Since November 16, 2001 Shane has done everything in his power to maintain his health and live every day to the fullest. While this zest for life is not always the easiest ride to be on as his wife it is one of the things that drew me to him. His childlike wonderment with the excitement over the next horizon is intoxicating.  I have been pushed to try new things and had a front row seat for Shane’s long list of historic achievements in Stand up Paddling.  It is not to say that his paddling aspirations are all sunshine and roses... it is NOT! I spend about 1 month of 2012(cumulative of his active race time last year) worrying and not sleeping.. Communicating with his ground crew about the last time they saw him and how well he is taking care of himself, worrying that at any minute some small accident during one of these races could change our lives….. Forever.  While it is draining physically, emotionally and financially to support his dreams, I know that without his dreams and without his passion he is not the man that I fell in love with.   

Today, Shane continues to be a marvel of health to his nephrologist. Eleven years and counting!!!! Part of that success is Shane’s drive for health and wellness. He is in constant pursuit of strength, endurance and agility. Just this morning (a Saturday) I woke at 5:00am to an empty bed, only to realize Shane was already well into a work out on his homemade SUP ergometer so that he could be done by breakfast time so he could spend time with our two small children(Luke(3) and Tess (9 months)).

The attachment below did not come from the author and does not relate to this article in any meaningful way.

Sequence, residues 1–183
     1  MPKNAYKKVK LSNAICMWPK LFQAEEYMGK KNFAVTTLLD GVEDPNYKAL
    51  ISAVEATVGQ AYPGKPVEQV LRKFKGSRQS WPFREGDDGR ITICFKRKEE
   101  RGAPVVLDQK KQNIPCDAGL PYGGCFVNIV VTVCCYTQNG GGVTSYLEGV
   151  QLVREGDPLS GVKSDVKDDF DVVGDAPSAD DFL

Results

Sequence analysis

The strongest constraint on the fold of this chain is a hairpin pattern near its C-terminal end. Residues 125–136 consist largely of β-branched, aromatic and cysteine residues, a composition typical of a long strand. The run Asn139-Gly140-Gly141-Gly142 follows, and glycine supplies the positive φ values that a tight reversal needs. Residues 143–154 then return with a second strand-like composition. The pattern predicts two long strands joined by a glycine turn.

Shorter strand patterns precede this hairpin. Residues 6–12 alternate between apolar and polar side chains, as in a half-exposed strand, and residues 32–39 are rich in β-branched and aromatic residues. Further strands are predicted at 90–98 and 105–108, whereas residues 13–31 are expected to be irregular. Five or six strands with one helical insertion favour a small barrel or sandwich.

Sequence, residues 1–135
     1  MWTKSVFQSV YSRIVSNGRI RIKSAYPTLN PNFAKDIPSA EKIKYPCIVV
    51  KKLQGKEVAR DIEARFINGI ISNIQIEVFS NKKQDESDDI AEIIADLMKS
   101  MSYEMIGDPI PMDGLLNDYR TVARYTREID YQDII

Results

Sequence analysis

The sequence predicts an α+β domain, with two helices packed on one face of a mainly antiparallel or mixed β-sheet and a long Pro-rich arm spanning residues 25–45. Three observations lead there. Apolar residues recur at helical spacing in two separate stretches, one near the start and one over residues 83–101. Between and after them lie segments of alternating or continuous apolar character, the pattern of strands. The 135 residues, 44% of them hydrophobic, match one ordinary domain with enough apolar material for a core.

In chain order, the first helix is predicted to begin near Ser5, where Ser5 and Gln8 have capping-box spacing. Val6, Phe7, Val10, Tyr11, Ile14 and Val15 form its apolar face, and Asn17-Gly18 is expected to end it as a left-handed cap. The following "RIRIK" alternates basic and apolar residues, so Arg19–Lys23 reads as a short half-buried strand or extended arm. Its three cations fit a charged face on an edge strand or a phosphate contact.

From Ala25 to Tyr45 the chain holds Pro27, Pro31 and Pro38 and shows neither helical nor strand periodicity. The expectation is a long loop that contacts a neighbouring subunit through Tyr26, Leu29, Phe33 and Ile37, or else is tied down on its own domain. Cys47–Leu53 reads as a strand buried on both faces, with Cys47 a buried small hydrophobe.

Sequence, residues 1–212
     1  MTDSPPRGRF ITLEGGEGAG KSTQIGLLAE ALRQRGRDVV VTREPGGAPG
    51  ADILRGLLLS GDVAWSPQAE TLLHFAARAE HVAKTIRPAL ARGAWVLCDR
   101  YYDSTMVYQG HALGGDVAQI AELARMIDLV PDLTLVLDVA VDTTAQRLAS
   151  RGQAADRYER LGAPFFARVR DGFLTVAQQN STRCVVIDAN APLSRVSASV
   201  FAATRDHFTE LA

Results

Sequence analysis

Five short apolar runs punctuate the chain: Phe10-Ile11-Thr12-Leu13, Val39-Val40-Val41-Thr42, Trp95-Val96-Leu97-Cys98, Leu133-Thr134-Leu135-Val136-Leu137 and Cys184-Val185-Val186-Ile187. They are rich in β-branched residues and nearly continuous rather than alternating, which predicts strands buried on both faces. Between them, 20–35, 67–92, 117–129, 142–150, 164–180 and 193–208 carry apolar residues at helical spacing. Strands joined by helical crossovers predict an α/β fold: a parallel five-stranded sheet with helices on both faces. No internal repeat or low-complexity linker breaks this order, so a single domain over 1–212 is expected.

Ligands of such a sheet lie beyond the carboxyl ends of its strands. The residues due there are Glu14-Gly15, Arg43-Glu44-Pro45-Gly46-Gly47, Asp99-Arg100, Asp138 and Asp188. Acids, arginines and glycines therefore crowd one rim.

In a way this Everglades Challenge is the culmination of his SUP adventures. When they say it can’t be done it just fuels him further. Never count him out! I have never worried about Shane’s ability to finish a race or meet a goal he sets for himself; I only worry about him killing himself in the pursuit. It is overwhelming that he reached out and within four days his supporters were able to fulfill his needs to fund the expedition he so desperately wants to accomplish. What and unbelievable testament to people’s faith in Shane. But our work is not done! The expedition might be funded but the reason behind it is not!!  Part of this dream is to bring, health, wellness and zeal for life for those walking the path that Shane was on over eleven years ago. Shane has chosen to provide transplant recipients or those that are undergoing dialysis hope in the form a Stand Up Paddle board of their very own. And trust me if you have not tried SUPing it is an amazing work out. I was sore for about 3 days the last time I tried it! Without his health and exposure to activity Shane would not be the picture of health that he is today.